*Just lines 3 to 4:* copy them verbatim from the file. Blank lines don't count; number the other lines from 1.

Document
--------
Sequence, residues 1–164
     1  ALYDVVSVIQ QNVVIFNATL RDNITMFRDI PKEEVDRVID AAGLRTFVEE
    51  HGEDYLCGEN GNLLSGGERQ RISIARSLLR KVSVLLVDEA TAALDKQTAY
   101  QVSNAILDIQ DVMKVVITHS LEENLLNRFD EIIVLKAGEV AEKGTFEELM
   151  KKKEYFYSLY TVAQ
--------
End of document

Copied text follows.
    51  HGEDYLCGEN GNLLSGGERQ RISIARSLLR KVSVLLVDEA TAALDKQTAY
   101  QVSNAILDIQ DVMKVVITHS LEENLLNRFD EIIVLKAGEV AEKGTFEELM